Jo writes: On one of the hottest days of the year so far, we agreed that a short walk (almost exactly 3km) would be more than enough for our two pups. We set off for the quaint old mill village of Calder Vale, which sits on the edge of the Forest of Bowland. Parking here, at the end of the no-through road, is in short supply but we were able to find a spot next to Lappet Mill as it was very quiet in the village today. Lappet Mill is no longer powered by water from the River Calder as it was in its early days, and it now produces woven cloth to make Arab head-scarfs.
We began our clockwise circular walk in the direction of the church and the village school. We passed in front of a row of the original mill-worker’s cottages, Long Row, and stopped for a chat with a couple who live there and were setting off on their daily stroll to the mill pond to feed the ducks. After rounding the north edge of the cottages, we passed through the gate straight ahead and on to the very pleasant path that runs alongside the river. Where the path meets the weir, it heads quite steeply upwards through Stirk Hey Wood, away from the river and where after just a few minutes it reaches the gate into the churchyard. The 19th Century church is small and picturesque and is well-known for being surrounded by bluebells during April and May each year. The bluebells also fill Stirk Hey Wood each year and attract visitors from far and wide.
After passing through the pretty churchyard and alongside the primary school yard, the path reaches the end of another no-through road, where we took the path to the right. The stony path passes a converted barn on the right and passes over a cattle-grid. It reaches a bend and continues to Landskill Farm. We stopped briefly to admire the new calves in one of the farm buildings and then continued our walk passing through a farmyard gate onto the farm lane. After a couple of hundred yards there is a sharp bend in the lane, which is where we took the south-westerly path on our left across a large field with a number of grazing calves. Whilst the path is not particularly distinct, there is a large tree and a gate that can just about be seen in the distance. After passing through the gate, we continued in the same direction down a steep-ish grassy slope that takes you to a footbridge crossing the river. At the end of the footbridge there are 6-7 fairly steep steps and here we took a right on to the lane that leads back into the village.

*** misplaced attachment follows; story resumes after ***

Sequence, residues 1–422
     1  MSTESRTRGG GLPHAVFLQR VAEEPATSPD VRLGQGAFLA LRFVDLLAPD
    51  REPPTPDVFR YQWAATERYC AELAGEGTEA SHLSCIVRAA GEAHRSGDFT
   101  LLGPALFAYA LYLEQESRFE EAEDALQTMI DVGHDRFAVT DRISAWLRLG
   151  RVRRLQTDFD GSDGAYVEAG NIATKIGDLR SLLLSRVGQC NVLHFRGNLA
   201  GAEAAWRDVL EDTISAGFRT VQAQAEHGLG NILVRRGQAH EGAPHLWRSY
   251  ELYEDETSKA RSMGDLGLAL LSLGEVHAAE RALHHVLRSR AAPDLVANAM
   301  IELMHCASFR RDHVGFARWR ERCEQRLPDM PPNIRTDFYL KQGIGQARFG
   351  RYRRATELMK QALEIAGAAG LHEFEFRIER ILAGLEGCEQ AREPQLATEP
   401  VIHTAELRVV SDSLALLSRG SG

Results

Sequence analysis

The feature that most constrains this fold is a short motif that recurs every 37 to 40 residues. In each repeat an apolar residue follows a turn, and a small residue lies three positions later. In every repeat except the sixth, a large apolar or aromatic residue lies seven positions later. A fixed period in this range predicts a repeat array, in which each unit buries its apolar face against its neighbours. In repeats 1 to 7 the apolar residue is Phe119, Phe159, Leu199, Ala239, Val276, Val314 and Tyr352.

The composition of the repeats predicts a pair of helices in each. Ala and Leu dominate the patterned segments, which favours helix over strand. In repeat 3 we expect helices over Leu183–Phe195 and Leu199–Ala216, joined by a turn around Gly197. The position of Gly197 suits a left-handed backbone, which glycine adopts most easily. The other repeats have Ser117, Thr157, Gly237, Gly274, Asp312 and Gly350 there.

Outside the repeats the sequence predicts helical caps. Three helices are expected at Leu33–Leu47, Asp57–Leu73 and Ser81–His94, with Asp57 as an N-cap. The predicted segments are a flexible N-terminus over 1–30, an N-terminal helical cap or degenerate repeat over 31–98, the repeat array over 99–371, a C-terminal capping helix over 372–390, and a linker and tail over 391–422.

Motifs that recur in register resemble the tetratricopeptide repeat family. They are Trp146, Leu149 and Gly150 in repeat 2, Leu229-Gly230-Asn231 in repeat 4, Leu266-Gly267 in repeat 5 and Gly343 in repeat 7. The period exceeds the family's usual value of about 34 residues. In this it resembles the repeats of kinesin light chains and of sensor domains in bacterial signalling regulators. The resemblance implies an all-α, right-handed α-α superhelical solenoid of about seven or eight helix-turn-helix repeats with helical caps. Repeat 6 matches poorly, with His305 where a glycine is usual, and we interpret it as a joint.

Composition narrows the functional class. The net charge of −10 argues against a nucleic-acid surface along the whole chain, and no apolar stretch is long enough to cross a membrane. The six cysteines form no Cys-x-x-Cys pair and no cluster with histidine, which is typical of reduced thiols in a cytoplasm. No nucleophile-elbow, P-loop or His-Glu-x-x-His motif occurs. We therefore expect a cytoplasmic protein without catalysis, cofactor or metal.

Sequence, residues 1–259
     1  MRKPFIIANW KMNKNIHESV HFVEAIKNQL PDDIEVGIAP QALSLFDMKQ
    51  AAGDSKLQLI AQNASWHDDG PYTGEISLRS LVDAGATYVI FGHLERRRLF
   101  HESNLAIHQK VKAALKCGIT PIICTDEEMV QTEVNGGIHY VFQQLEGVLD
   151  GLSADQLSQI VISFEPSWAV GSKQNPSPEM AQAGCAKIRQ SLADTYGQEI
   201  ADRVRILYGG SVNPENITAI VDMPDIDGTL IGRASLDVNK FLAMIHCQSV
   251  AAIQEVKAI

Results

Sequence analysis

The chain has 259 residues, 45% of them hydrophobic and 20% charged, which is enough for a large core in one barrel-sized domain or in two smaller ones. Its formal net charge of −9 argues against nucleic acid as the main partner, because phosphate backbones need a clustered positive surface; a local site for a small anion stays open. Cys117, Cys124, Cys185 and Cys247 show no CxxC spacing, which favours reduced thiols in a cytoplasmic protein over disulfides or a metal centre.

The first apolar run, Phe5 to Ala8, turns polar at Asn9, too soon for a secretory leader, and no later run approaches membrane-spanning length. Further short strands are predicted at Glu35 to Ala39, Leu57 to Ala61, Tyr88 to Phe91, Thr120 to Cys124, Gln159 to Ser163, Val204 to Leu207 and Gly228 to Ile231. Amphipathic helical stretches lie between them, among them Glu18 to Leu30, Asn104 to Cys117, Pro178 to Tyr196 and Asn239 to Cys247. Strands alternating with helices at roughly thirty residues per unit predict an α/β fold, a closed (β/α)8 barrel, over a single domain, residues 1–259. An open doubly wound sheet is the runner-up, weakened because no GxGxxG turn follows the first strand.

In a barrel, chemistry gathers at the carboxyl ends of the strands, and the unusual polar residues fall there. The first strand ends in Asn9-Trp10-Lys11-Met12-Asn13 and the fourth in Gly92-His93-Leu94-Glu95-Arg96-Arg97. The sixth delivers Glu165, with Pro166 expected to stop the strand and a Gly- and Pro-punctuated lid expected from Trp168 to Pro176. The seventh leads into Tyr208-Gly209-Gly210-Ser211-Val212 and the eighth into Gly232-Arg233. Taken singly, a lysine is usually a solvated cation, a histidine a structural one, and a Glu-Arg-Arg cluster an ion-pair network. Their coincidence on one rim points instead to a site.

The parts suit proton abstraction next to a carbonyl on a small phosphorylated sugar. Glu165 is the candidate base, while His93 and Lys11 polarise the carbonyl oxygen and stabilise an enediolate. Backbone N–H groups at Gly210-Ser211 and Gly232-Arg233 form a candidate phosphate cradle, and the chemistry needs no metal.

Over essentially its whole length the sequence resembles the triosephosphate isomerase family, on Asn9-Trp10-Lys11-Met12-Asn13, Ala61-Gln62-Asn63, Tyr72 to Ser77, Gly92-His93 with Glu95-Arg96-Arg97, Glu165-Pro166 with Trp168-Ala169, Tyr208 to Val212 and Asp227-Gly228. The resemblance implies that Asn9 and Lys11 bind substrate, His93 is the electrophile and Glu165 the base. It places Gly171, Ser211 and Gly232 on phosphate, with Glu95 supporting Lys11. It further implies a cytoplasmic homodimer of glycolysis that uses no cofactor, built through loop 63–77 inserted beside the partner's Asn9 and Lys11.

The walk took us around 50 minutes and included some nice spots of shade on the hot day. It isn’t a walk that’s suitable for anyone unsteady on their feet, or for pushchairs, but it is certainly not a demanding walk for the experienced walker.